In organic chemistry, the Michael reaction or Michael addition describes a reaction between any Michael donor (α,α disubstituted carbonyls, nitrile, sulfone, etc., — electron-withdrawing groups) and any Michael acceptor (α,β-unsaturated carbonyls, nitrile, nitro, etc., — electron-withdrawing groups). It belongs to the larger class of conjugate additions and is widely used for the mild formation of C–C bonds. Many asymmetric variants exist and depending on the conditions, Michael Additions can be diastereoselective and/or enantioselective.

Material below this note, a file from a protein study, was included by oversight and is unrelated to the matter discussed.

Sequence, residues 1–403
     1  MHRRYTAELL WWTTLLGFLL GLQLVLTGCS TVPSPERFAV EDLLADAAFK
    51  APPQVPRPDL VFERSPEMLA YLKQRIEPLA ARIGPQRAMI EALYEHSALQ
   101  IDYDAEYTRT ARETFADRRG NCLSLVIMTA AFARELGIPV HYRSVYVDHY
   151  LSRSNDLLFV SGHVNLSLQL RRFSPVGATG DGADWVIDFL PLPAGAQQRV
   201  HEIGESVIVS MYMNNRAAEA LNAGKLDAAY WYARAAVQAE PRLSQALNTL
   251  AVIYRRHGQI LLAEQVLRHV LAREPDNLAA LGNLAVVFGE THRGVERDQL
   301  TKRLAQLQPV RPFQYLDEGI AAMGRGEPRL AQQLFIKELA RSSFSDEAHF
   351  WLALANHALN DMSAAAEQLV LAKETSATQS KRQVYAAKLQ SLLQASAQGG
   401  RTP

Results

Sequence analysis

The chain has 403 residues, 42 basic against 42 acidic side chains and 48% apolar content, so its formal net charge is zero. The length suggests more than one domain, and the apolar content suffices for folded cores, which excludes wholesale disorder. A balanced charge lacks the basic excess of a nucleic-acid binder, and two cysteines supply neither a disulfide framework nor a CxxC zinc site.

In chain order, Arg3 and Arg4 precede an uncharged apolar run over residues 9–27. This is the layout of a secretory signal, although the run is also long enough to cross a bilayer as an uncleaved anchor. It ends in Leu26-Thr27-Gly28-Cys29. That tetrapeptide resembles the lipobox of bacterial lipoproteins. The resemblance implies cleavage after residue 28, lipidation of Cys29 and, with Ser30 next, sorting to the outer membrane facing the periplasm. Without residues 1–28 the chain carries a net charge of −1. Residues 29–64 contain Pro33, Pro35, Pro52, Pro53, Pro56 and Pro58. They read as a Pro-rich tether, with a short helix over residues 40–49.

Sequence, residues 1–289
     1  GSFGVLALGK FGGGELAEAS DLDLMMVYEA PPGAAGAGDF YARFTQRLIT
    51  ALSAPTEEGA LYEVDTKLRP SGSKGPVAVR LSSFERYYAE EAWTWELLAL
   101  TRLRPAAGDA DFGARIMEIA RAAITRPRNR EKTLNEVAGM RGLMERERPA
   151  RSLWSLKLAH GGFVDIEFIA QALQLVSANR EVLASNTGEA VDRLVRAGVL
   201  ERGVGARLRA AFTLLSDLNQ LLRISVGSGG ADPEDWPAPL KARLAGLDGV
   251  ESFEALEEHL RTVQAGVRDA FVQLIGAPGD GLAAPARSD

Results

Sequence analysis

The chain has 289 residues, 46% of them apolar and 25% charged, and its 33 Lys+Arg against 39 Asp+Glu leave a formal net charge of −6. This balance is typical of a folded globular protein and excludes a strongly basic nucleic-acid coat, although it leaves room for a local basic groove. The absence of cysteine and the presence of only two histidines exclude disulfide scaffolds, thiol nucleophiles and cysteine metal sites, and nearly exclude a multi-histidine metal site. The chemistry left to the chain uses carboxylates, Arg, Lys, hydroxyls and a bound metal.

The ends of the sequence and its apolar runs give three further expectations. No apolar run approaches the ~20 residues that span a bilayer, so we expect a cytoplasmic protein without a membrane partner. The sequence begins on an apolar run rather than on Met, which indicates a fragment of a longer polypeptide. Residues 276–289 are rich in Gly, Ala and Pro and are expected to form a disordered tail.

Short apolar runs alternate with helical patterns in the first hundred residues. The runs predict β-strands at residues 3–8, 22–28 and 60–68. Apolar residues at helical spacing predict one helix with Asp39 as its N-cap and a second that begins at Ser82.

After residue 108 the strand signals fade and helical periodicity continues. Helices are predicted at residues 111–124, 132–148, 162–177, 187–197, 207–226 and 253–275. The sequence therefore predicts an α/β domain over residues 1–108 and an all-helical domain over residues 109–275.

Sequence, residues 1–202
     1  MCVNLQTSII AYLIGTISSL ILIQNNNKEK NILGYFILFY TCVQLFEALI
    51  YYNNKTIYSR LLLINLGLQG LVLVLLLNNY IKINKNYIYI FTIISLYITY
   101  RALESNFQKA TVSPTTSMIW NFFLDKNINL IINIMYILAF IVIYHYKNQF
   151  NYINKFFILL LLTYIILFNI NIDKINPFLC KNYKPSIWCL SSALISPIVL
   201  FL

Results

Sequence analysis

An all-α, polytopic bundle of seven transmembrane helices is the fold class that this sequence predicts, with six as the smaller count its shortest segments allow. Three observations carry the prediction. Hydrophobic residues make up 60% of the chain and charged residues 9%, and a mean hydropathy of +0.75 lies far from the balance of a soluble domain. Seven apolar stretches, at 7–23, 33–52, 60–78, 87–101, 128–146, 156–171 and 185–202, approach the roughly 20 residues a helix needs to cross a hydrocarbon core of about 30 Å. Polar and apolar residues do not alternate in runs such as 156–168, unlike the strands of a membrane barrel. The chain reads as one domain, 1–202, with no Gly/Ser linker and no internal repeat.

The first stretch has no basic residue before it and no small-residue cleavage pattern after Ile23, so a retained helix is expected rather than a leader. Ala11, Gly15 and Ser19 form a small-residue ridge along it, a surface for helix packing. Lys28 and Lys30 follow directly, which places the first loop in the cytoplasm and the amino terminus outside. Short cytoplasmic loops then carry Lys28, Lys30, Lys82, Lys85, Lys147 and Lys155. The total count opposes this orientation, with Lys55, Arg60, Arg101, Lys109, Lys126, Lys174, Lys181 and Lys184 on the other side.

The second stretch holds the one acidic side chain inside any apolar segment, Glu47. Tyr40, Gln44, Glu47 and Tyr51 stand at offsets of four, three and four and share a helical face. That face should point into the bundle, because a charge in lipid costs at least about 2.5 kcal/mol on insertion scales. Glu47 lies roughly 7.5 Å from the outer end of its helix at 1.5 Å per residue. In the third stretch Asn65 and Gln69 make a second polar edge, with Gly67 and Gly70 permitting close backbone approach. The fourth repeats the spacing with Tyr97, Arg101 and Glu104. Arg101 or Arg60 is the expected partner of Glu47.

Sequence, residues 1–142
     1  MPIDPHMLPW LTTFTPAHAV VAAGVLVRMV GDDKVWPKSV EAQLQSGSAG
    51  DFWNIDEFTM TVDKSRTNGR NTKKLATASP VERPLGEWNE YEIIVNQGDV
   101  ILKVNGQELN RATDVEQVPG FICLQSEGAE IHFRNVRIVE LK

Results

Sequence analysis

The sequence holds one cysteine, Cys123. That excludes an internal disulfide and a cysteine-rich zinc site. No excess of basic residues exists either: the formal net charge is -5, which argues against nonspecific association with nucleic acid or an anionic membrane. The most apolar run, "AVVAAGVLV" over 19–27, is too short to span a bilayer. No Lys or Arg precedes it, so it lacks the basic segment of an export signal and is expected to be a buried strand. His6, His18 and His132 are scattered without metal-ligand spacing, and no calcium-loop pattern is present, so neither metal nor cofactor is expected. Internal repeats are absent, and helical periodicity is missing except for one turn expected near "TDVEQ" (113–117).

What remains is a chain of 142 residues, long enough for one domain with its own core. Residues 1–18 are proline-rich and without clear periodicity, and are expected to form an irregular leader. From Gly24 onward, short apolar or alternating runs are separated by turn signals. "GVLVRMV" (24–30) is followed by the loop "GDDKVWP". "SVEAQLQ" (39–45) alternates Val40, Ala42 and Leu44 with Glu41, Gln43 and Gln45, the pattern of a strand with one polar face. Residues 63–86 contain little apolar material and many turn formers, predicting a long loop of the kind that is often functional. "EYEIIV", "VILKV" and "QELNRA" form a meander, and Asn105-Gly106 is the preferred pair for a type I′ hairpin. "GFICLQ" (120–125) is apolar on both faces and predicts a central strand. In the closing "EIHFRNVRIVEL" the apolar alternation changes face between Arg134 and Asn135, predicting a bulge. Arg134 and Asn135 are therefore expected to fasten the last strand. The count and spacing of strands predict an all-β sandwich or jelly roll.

In this scheme, R and R' on the nucleophile (the Michael donor) represent electron-withdrawing substituents such as acyl and cyano groups, which make the adjacent methylene hydrogen acidic enough to form a carbanion when reacted with the base, B:. For the alkene (the Michael acceptor), the R" substituent is usually a ketone, which makes the compound an enone, but it can also be a nitro group or a sulfonyl methyl fluoride. The product is called a Michael adduct.